Administrators who give unprecedented budgetary discretion and policy-making control to IT staff are abdicating their responsibilities. School leaders need to summon the courage to face things that plug-in and become conversant in networking issues. They must supervise non-instructional personnel and determine their actual staffing needs. Failure to do so results in an enormous waste of money, teacher dissatisfaction and underutilized technology.

I have been using computers for more than 25 years. I use and maintain a cross-platform wireless network at home. I write computer manuals, program in several languages and yet needed to call for help every few minutes during my recent teaching stint. The average teacher juggling all of her responsibilities with a desire to use computers in the classroom does not have a prayer.

In addition to the popular minds-on/hands-on Invent to Learn workshops already offered by Constructing Modern Knowledge, I’m pleased to announce a brand new set of exciting, informative, and practical workshops for schools, districts, and conferences for 2015. Family workshops are a fantastic way to build support for learning by doing in your school.

For more information, email learning@inventtolearn.com. Please include type (workshop, keynote, consulting, etc.), approximate dates, location, and any additional details. We’ll get back to you ASAP!

New Workshops

PBL with littleBits™ new tiny dingbat

littleBits are incredibly powerful snap-together electronic elements that allow learners of all ages to create a wide array of interactive projects. Arts and crafts meet science and engineering when littleBits are available for pro typing or creating super cool new inventions. In addition to knowledge construction with littleBits, participants will explore the following topics.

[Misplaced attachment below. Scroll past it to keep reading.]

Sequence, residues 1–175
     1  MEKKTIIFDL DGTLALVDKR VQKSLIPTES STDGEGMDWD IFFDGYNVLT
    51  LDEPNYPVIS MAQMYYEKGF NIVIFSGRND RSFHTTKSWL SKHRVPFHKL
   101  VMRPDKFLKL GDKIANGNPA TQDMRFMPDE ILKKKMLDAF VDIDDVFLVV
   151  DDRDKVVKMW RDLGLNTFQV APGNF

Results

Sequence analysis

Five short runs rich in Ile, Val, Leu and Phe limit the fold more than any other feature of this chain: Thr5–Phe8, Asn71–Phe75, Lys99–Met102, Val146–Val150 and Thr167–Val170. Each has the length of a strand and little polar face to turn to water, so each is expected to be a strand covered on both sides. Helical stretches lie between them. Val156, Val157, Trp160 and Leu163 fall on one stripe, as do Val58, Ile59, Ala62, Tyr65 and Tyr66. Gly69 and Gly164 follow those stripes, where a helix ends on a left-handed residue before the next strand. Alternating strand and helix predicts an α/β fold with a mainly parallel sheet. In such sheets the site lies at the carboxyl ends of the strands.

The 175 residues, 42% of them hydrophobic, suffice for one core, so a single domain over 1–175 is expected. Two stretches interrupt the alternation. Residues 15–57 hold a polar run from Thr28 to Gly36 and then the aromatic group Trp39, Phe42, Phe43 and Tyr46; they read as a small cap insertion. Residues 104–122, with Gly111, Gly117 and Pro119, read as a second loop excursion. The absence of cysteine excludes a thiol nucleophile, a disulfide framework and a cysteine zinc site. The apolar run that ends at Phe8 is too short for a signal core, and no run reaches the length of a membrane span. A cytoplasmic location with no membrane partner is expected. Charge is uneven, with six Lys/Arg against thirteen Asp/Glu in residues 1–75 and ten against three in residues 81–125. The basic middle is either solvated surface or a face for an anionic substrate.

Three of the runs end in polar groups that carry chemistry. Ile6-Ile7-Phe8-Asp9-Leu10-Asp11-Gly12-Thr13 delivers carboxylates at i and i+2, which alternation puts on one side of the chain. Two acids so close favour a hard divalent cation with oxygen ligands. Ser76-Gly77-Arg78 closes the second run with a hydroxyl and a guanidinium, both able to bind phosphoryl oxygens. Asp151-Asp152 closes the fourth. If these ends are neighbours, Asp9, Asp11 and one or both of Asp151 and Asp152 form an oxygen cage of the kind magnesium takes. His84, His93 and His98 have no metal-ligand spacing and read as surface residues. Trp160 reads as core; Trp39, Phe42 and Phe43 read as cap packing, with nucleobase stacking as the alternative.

• What makes a good project?
  • Effective prompt setting
  • Project-based learning strategies for exploring powerful ideas
  • Less Us, More Them

Wearable Computing new tiny dingbat

An LED, battery, and conductive thread can bring principles of electronics and engineering to learners of all ages. Interactive jewelry, bookmarks, and stuffed toys become a vehicle for making powerful ideas accessible to a diverse population of learners. More experienced participants may combine computer science with these “soft circuits” or “e-Textiles” to make singing suffer animals, animated t-shirts, jackets with directional signals, or backpacks with burglar alarms with the addition of the Lilypad Arduino or Flora microcontroller. Design, STEM, arts, and crafts come to life in this fun and exciting workshop! 

Reycling and Robotics
new tiny dingbat

This workshop uses the incredible Hummingbird Robotics Kit to show how a powerful and easy-to-use microntroller designed for the classroom, common electronic parts (motors, lights, sensors) may be combined with recycled “found” materials and craft supplies to create unique interactive robots from Kindergarten thru high school.  Scratch and Snap! programming brings these creations to life. No experience is required to become a master robotics engineer! Cross-curricular project ideas will be shared.